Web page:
The planning staff had asked council to “endorse the key policy directions”. Those directions are set out below:

Extensive engagement was done through three community workshops (a total of six sessions), the Planning and Development Committee held on November 28, 2017, and significant contributions from the Vrancor Group and the Plan B Citizen Group were relied upon to create key policy directions to move forward.

Waterfront concept 1

Concept 1 from the city planning department: – the buildings are much closer to Lakeshore and the height will disturb a lot of people.

The key policy directions for the Waterfront Hotel site are intended to align with the vision statement, accommodate an iconic landmark building, and reinforce the site’s unique location as a major gateway to the waterfront.

Waterfront – Concept 2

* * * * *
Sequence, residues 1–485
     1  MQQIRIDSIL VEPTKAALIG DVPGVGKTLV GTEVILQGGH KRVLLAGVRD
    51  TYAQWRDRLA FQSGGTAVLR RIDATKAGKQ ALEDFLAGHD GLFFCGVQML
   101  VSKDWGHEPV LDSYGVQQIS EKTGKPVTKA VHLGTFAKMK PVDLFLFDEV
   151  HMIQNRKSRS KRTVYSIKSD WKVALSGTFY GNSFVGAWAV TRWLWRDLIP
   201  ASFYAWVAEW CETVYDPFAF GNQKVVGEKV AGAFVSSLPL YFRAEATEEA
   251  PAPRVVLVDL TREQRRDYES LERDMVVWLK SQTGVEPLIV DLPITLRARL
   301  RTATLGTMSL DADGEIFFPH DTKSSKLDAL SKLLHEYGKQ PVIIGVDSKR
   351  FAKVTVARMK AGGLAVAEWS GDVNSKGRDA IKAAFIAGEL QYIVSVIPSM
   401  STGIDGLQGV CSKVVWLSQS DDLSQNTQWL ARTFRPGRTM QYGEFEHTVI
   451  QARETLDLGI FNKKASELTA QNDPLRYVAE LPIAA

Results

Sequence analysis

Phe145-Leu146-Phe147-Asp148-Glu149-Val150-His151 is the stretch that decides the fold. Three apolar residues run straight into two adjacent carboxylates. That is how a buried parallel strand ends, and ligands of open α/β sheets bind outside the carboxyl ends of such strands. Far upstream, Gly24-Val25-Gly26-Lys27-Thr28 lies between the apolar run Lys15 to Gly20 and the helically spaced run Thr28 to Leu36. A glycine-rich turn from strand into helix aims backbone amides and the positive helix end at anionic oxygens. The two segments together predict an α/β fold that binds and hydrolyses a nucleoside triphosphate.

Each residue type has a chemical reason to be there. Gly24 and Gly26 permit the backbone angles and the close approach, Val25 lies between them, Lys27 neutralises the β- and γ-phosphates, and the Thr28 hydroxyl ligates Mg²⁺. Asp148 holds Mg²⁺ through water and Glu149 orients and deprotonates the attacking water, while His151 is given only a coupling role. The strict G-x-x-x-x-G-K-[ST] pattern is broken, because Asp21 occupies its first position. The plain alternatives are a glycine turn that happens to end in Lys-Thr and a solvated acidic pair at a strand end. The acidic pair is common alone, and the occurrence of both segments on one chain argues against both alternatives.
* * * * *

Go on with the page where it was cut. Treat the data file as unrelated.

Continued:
Concept 2 from the city planning department shifts everything to the right creating a much more open approach to The Pier.

The city produced two concepts, neither of which gained all that much traction.  A small group who live in the downtown core didn’t like the way the city was handling public participation – they came up with ideas of their own that have shifted some of the thinking being done by the planners.  PLAN B, the name of the citizen’s group,  took a much different approach suggesting that a red Line starting at the NE corner of Brant and Lakeshore become  the demarcation from which there are no building West/ Southwest of the red line.